Monthly Archives: July 2014

Where Do We Go When We Die On Social Media?

RIP GravesiteHappy Birthday to You. Happy Birthday Dear (your name). Happy Birthday to You. Keep singing in your head and now pretend that you are dead for a moment. How old are you? How old are you? Even though you have died, don’t worry, social media will keep celebrating with your friends and family.

If you are on Facebook, it’s likely that you have been notified about an upcoming birthday from a dead friend. Unfortunately, I’ve received too many of these lately.

Baby Footprint It was only about five or six years ago that a newborn’s first footprints were recorded in ink at the hospital; today our first footprints are recorded in digital. As soon as babies take their first breaths and from cradle to grave an entire life of milestones will be shared on social media, which is a ton of fun, but what happens when it ends?

My wife Stacey and I hope we don’t leave too many unanswered questions for our family when we die and recently formalized an Advanced Directive, a legal document that expresses our end of life health care wishes. After we completed the paperwork I thought about a few more loose ends: event notices from Facebook, my legacy on social media sites and the ability for others to say nasty things about me after I’m gone like, “He thought he was so funny. We only laughed at Ron because we felt sorry for him.”

My concerns may be exaggerated but I believe there is a better balance between blowing out virtual candles for dead people and all the good that social media does to promote health and unite us in illness and death.

During hospital stays, the password-protected sites CarePages and CaringBridge  serve as therapeutic conduits to update family and friends on posts that range from a happy birth announcement to a terminal illness. On another social media platform NPR reporter Scott Simon shared his love for his dying mother on Twitter.

Paul Bisceglio featured the well-known Simon in a poignant article in the Atlantic, How Social Media is Changing The Way We Approach Death. He spoke with people who believe that social media may distract the caregiver from the patient, but mostly how social media can lend a compassionate hand. Even though his mom passed, Simon’s tweets still resonate.

As sentimental as the Scott Simon account was,  Laurie Penny, contributing editor  wrote Selfies at Funerals and memorial hashtags: mourning in the digital age , “In recent weeks and months, social media has been unremittingly macabre….. Most recently, 25-year-old journalist and socialite Peaches Geldof was found dead in her home and…. everyone from Boy George to the Irish prime minister tweeted their condolences…..”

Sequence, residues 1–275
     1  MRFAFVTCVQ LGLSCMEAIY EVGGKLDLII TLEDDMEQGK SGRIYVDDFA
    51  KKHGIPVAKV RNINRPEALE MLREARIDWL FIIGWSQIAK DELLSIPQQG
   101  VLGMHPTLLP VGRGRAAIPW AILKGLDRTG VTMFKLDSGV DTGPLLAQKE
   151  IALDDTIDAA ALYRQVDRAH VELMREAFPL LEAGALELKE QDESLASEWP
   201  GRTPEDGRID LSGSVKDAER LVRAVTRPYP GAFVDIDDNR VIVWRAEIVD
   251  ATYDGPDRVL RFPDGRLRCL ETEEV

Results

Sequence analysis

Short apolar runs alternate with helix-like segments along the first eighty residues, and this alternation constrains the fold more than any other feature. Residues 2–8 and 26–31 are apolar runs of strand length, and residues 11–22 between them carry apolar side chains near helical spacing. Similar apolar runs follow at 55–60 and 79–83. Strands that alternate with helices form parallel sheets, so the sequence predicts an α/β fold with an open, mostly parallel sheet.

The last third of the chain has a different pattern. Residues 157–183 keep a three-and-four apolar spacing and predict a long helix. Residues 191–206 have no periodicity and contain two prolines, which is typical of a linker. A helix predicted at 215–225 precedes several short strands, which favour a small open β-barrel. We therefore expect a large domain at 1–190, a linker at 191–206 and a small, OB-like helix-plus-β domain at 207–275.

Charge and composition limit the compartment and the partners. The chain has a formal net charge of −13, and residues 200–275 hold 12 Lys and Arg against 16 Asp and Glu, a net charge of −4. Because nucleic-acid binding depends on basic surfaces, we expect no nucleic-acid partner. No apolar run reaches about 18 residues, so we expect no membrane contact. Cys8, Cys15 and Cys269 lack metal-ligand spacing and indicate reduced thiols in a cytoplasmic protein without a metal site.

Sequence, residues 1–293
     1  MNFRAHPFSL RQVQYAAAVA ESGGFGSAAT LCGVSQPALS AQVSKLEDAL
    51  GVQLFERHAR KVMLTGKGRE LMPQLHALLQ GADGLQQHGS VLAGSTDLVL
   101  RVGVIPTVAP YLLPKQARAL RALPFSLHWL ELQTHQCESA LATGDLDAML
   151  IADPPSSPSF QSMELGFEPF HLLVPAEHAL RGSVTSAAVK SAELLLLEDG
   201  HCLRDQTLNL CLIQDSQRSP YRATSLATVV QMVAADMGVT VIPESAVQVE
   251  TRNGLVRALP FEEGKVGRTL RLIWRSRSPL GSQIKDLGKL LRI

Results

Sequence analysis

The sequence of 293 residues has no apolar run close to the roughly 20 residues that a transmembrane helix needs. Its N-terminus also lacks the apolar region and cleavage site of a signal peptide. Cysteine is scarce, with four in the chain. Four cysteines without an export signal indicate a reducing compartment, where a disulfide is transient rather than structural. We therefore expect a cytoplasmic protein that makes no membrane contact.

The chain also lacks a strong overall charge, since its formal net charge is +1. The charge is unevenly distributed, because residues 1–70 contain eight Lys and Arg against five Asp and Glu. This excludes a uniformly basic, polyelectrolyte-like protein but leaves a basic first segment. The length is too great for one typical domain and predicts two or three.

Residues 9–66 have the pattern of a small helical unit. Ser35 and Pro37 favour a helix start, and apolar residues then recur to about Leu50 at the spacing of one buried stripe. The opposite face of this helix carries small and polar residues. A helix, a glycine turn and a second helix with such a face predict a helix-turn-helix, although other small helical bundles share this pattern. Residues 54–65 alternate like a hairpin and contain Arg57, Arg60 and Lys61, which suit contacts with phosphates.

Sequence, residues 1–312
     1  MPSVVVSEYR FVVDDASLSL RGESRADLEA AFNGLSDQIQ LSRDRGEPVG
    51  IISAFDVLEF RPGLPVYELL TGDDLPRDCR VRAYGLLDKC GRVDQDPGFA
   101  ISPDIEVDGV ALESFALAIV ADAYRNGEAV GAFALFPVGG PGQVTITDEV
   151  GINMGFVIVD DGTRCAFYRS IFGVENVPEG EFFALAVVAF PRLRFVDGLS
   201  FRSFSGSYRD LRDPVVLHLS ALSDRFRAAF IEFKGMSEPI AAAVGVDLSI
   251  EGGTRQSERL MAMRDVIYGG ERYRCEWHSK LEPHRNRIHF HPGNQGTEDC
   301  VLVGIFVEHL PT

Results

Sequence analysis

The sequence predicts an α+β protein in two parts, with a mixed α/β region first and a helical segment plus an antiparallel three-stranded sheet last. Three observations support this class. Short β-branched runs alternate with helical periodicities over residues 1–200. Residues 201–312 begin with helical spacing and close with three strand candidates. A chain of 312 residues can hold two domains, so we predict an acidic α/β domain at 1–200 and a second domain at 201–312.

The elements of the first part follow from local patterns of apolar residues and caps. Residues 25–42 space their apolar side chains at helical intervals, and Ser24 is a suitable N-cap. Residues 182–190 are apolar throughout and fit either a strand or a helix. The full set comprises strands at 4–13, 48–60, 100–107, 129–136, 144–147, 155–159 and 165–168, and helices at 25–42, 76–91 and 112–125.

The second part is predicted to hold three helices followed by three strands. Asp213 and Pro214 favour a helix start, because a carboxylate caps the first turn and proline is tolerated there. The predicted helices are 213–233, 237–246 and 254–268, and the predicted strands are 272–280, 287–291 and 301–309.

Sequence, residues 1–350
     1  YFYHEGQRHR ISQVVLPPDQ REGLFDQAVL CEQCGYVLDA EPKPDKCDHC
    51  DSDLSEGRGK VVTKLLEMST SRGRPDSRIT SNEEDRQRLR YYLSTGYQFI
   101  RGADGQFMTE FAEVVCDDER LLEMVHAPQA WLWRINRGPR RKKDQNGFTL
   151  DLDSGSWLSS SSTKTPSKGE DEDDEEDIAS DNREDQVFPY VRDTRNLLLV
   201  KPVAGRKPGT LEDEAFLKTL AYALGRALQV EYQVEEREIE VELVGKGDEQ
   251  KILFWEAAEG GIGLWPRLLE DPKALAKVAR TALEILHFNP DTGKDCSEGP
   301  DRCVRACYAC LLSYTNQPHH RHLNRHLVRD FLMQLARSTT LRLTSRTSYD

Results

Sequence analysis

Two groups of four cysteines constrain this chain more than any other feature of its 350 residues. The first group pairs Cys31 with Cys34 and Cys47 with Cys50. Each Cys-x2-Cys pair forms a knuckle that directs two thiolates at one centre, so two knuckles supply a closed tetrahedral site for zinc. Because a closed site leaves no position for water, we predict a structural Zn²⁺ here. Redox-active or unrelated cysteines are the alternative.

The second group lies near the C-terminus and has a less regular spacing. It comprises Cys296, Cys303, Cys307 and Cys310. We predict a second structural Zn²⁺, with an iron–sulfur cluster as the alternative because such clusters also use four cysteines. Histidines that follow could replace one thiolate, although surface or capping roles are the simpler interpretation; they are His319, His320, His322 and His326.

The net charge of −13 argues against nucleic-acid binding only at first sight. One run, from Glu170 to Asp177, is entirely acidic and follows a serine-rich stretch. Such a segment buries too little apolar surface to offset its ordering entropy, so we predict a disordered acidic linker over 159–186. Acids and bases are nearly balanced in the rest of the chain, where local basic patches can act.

Stephanie Buck from Mashable published, How 1 Billion People Are Coping With Death and Facebook, and concludes that as of 2012, 30 million people who maintained Facebook accounts have died. She freaked me out a little and inspired me to dig a little more on my own. Here is where you begin on Facebook and this is what you’ll see if you want to remove a deceased friend or family member.

Screen Shot 2014-06-29 at 6.58.38 PMOn Twitter, the company’s policy asks that a representative acting on behalf of the estate or a verified family member manage this process. The most helpful site I found is dedicated to grieving and dealing with death, Modern LossModern Loss. It posted this comprehensive listing with instructions required by Facebook, Twitter, Google+, Instagram and other social media platforms.

These decisions are very personal and there is no right answer and your position may evolve like mine has. I’ve moved toward acceptance because social media’s influence will continue to flourish with most of it for the greater good. When I saw the respectful comments on my deceased friend’s Facebook wall recently, I mustered the courage to write a condolence and took it a step further to pay my respects digitally on the funeral home’s community web site.

When you die you’ll definitely leave some sort of digital footprint, but how big do you want it to be and how much hassle do you want your family to endure? I’m still leaning toward sharing my passwords with my survivors so they don’t have to file a bunch of requests and hopefully remember more of the real me rather than the digital me.

The opinions expressed in this blog are my own. My Twitter handle is Ronald Petrovich

picture of Ron Petrovich